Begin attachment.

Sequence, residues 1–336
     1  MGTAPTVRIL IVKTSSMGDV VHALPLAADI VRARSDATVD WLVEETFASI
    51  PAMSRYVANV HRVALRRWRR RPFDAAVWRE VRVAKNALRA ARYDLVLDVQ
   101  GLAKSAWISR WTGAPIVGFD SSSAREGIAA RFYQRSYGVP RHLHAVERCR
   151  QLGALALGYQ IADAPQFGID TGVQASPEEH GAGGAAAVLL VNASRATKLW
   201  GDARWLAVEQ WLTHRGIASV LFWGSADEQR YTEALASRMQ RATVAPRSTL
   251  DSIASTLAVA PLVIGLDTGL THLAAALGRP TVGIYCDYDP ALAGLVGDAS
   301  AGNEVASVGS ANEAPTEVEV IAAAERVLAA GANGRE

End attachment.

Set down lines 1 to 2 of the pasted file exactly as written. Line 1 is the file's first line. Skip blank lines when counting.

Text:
Sequence, residues 1–336
     1  MGTAPTVRIL IVKTSSMGDV VHALPLAADI VRARSDATVD WLVEETFASI